After 1947, the Pukhtoons secured a reasonable share in the economic fortunes. Their lower and middle classes began to move around freely in the agriculturally rich plains of Punjab and Sindh in a variety of economic pursuits. Consequently, their social and economic bonds with Punjabis grew stronger with time while their blood bond with the people northwest of the Khyber began to liquidate. A bit of economic prosperity and political freedom injected a strange superiority complex among Pakistani Pukhtoons. They began looking at their own Afghan brethren as inferiors- in every sense of the world. During the last few decades, the economic pace at the two ends of the Khyber Pass drew another Durand Line. That’s what anyone seeking to divide a nation could eventually desire. The Establishment had always worked in that direction, patting the Pukhtoons and telling them, “you are much better off with us than you could be with Kabul.” Allow me to recall the comments of a Sindhi Prime Minister, as he addressed an audience of Maliks at my hilltop village. The most enlightened premier Pakistan ever had ordered his minister for power and resources to fix big tungsten bulbs on the Afghan border “so that they (the Afghans) can see the light on our side and feel the darkness on their’s.” If electric bulb is all the light that nations need to get enlightened, one wonders who is the dark?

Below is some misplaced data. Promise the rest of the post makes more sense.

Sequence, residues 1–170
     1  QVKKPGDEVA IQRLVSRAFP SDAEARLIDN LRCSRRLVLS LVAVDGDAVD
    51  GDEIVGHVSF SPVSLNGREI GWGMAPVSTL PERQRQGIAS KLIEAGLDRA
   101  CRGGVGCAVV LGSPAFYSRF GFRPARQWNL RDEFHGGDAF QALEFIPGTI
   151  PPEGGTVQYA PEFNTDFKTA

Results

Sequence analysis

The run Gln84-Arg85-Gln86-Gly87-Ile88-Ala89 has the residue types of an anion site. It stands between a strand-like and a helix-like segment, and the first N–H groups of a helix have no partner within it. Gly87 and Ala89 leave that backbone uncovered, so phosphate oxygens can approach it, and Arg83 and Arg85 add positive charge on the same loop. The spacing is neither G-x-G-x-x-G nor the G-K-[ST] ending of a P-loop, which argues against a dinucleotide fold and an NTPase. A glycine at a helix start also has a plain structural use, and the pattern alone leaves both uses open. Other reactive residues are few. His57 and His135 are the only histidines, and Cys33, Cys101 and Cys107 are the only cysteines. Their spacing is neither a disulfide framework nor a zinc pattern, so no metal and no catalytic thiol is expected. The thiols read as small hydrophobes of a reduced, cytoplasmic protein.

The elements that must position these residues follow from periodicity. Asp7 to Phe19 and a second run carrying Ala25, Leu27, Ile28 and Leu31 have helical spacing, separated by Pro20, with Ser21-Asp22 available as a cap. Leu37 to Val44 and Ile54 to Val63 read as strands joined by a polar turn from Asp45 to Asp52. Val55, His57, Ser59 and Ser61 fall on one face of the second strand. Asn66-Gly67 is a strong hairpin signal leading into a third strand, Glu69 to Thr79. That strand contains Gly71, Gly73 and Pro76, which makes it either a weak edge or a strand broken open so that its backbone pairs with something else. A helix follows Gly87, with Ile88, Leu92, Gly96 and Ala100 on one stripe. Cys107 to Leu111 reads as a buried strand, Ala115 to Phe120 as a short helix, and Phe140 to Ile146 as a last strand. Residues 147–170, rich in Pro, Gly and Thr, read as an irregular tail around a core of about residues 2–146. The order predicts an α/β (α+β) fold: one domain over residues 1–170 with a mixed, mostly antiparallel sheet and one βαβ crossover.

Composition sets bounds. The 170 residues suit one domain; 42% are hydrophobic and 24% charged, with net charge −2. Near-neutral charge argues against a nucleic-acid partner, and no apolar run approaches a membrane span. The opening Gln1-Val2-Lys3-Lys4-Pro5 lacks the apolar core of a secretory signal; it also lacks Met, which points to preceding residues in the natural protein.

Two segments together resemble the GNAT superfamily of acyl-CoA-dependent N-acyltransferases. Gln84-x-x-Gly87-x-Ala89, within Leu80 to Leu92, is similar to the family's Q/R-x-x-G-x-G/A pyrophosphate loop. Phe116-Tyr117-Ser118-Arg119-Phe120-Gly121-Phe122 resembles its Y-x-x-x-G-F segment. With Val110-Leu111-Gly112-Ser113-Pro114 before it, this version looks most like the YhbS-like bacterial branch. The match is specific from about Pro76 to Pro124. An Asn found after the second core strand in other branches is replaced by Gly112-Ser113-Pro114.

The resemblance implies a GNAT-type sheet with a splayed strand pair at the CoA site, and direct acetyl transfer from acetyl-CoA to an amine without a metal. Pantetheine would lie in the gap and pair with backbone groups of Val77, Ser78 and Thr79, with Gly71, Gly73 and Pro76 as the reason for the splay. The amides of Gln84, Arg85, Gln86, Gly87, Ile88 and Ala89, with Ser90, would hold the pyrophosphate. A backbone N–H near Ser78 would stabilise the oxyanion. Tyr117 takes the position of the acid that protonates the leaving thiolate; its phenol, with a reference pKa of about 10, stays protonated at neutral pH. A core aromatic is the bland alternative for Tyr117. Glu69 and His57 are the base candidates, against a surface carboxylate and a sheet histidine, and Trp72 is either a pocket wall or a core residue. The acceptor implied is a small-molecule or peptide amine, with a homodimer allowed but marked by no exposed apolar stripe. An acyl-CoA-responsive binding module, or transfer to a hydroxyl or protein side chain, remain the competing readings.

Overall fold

As an Islamic Republic, Pakistan had always turned its back to the miserable state of Iranian and Afghan people. The champions of the freedom and liberty never challenged the policy that consolidated despotism in our western neighborhood. While the Muslims of the Pakistan wanted freedom and civil rights for themselves, they preferred to see others in chains. Turning a deaf ear to the advice of Prophet Muhammad-“Do not prefer for your brother, what you don’t like for yourself,” they set a new standard for Islamic brotherhood. The new motto is, “Support the kings, wherever you find them.”
The indifference towards the Persians and Afghans had a penalty. The penalty is being paid in the capitalist havens of the Karachi. And that’s quite natural and well deserved. If you don’t accept the blood bond between the Pukhtoons on the two sides of the Durand Line, how valid is the bond between the Pukhtoons and the Punjabis or Punjabis and Sindhis, the Sindhis and Muhajirs, Muhajirs and Punjabis. Name a single one of these relationships that is stronger than the bond between the divided Pukhtoons. What does a Pukhtoon share with a Sindhi that he does not share with his own tribesmen across Torkham? Religion? Language? Philosophy? Or separatism?
Employment in Kabul is still out of question for a Pukhtoon east of Khyber but his rejection this time shouldn’t be based on poor salary, provident fund and pension. A job at Kabul is still worth a monkey and Moscow has found the monkeys it needs. Informatively for the Pukhtoons, it is willing to pay them more than the British once offered.